In both wheel configurations, this bike is fast. Going both up and down, it will surprise you. Like pretty much every nice bicycle on the market, it pedals really well. Like pretty much every nice bike, it also descends admirably. Here are a few things that make this bike different, and how it stacks up to a few other bikes.
This thing plows. Its travel is definitely not indicative of its trail manners on rowdy descents. Its definitely not as playful as the Bronson interestingly enough, but its fast and confidence inspiring, but going slow isn't that fun, and this bike isn't slow.
Its incredibly versatile. Apart from its ability to change wheels (which I haven't done that often, actually) you can spend all day on an epic single track adventure, and be perfectly happy, and after go charge a rowdy downhill, and be perfectly fine.
This bike feels more like a bike you would point at a descent and hold on, and requires less input than the bronson, but it does not pop off of things as easily. It reminds me of a bulldozer.

29 VS 27.5+?
27.5+ has been pushed hard in the industry, and here is my take. They are super fun, but in order to optimize them, you have a very small range of air pressures that will work compared to a lower volume tire, and I attribute this to a tire acting like an un-dampened air spring. Even so, if you are a beginner or intermediate rider, the wider tires will give you more confidence than the 29 inch wheels, regardless of pressure, and will definitely make you a better rider. If you are intermediate-advanced, are comfortable cornering, and want to charge, I would go with 29 inch wheels. The Hightower was definitely funner in that configuration for me, and I felt like it really woke up with the larger wheels. Which is for you? If you ride more technical, choppy, and aggressive, I would go with the 29s. if your riding is usually smoother and looser, I would tend towards the plus tires.

This bike is great for all of the alpine riding around the Salt Lake/Park City area, and will shred in places like Moab on their techiest trails as well. Its not as forgiving as its longer travel brethren like the Nomad and Bronson, but the large majority of us don't ride stuff that requires that big of a bike anyways.

If you have any questions about this or any other mountain bikes or gear, shoot me an email at btanner@backcountry.com or call me at 801-746-7608 (EXT 4589)

Plowability Plus + Crushability

  • Familiarity: I've used it several times

There is so much to consider when buying a new mountain bike but 2017 is the year of Plus + tires. Out here in Utah, plus tires make a lot of sense considering the variety of our terrain between Moab, Park City, St. George and beyond. After demoing a lot of different bikes I landed on the Hightower 27.5+. My pup Jasper (pic below) and I could not be happier with the choice.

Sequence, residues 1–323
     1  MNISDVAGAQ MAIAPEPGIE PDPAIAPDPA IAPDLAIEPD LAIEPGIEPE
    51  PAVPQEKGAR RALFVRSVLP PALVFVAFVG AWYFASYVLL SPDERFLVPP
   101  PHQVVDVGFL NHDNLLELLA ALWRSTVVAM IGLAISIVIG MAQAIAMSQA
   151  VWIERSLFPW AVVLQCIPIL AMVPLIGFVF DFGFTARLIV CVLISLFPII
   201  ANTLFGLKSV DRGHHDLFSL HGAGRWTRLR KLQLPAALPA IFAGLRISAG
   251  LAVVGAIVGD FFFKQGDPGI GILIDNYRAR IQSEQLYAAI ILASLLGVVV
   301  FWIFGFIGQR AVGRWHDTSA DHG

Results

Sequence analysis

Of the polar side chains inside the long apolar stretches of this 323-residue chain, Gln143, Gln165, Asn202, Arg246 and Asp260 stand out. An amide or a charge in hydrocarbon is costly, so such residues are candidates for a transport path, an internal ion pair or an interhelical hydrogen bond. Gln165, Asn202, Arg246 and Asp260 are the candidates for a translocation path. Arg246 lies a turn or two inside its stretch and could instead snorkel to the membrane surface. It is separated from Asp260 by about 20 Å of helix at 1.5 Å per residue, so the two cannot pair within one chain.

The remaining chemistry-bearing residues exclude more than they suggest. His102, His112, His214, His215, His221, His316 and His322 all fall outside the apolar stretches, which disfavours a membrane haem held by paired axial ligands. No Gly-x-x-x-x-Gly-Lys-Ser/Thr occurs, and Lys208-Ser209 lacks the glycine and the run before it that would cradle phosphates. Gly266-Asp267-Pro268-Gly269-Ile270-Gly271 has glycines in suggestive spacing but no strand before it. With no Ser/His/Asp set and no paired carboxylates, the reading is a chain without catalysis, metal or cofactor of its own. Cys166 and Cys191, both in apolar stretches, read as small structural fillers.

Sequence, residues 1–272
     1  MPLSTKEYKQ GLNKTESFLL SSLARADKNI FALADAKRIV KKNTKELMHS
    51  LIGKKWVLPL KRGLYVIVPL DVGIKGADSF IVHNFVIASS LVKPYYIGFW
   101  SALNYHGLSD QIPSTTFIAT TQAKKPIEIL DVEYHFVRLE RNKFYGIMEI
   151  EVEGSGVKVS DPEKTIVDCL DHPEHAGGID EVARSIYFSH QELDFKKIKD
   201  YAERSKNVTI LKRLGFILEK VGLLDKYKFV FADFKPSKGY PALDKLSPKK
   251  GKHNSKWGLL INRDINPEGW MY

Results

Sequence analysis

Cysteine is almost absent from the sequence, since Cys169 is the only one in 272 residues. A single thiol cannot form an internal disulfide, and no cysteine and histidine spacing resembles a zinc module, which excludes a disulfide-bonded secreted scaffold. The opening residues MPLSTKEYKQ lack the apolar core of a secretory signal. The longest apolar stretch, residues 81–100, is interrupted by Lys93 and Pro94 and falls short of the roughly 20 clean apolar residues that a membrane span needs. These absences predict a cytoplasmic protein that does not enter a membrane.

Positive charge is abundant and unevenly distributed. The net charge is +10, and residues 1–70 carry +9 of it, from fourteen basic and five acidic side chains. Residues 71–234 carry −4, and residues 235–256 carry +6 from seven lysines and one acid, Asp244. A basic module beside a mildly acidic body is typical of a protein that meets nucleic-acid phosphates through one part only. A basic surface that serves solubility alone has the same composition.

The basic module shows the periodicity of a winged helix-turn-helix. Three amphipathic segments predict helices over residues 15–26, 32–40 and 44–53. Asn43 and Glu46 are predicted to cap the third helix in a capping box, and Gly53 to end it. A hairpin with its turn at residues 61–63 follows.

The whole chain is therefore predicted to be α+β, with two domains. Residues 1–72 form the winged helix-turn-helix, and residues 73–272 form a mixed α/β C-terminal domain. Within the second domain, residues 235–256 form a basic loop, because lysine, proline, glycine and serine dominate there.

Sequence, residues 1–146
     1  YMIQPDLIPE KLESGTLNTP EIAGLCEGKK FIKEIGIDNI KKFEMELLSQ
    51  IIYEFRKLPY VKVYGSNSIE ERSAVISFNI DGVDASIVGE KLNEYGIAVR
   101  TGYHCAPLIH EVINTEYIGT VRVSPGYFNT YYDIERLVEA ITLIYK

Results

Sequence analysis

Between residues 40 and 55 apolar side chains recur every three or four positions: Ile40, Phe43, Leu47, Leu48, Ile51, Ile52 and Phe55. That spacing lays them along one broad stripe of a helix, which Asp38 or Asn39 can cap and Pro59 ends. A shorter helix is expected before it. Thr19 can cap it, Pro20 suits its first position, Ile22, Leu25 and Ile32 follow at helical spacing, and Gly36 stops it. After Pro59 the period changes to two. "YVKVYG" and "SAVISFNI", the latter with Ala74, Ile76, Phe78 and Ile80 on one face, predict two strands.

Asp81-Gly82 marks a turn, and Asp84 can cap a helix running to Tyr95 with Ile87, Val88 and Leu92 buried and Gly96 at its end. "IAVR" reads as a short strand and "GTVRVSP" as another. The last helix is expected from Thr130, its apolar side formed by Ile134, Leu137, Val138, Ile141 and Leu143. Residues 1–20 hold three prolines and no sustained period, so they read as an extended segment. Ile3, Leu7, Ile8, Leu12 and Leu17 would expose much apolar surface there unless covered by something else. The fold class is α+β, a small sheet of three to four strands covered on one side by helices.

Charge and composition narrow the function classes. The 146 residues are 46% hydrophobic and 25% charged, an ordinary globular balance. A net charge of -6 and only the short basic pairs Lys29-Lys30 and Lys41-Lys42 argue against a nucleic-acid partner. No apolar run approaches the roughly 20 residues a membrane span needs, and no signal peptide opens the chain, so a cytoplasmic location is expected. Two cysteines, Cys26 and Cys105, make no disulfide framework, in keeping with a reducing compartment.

Instead of the Race Face ARC 40 Wheels highlighted on this build, I went with the ENVE M60 forty carbon wheels. I love the balance of the super stiff ENVE M60's and the low air pressure (~18 PSI) in the 27.5+ Maxxis tires. I feel like I can plow over anything and still have precise control around corners and berms. I will probably end up adding a Maxxis DHF on the front for the larger knobs on the outside of the tread. I have been working on a modified rating system for all the bikes I have tested and here is my breakdown for the Hightower:

Plowability - 9.5

Climbability - 8.5

Maneuverability - 8

Wheelie Rating - 8

Closest Competitors: Yeti SB5.5, Niner RIP 9

Feel free to contact me directly with any questions on the Hightower or any other Santa Cruz bikes. I would be glad to help you build your next dream bike from the frame up. Also check out my article on "How to Choose a Mountain Bike" for additional info.

https://www.backcountry.com/explore/how-to-choose-a-mountain-bike

See you out on the dirt.

Kyle L. - Expert Gearhead - klivingston@backcountry.com - 801-736-4337

Plowability Plus + Crushability

Perfect All Mountain Bike

  • Familiarity: I've put it through the wringer

Santa Cruz has a reputation for making some incredible mountain bikes, and they once again designed a dime.The Hightower is a beast of a rig, and can conquer any trail you put in front of it. With shorter chainstays and a slack headtube angle relative to its predecessor, what you get is a more nimble, yet more capable and predictably handling bike. The new Boost standard has allowed a lot of this to happen, which has made for a frame that is laterally stiffer, with tighter geometry; ultimately creating the best big-wheeled trail/enduro bike that we have seen from any manufacturer to date.
If you are looking for a bike to serve you anywhere from light-trail/XC riding to Enduro, this is one bike that cover a lot of bases, and make sure that you have a smile on your face the whole time!

Feel free to hit me up with any questions regarding bikes:



Size Frame: What size frame should you go with?



Travel: Finding the right amount of travel that fits your riding style.



Full Package: Can provide a quote for both a custom or complete box build that fits your budget.


Comparison: How does this bike ride compared to others in the same class? What are the pros and cons of going with another option?


Patrick Law
plaw@backcountry.com
801-204-4661

The best

  • Familiarity: I've used it several times

After watching my buddy tear around on his 29er hightower i had to take one of the new plus hightowers out. I am really impressed with everything about this bike. Climbing in the trails around park city i felt endless amounts of grip. This did lower the bike a touch but still didn't feel like my cranks were in the ground using 175mm cranks. The VPP suspension as always is incredible but they really excelled on the geometry to really make this stable on both uphills and downhill. Add the 1x12 and you have one perfect quiver bike. If you have any questions on the buying process, sizing this bike, or wondering what options would be best for you i would be happy to chat anytime.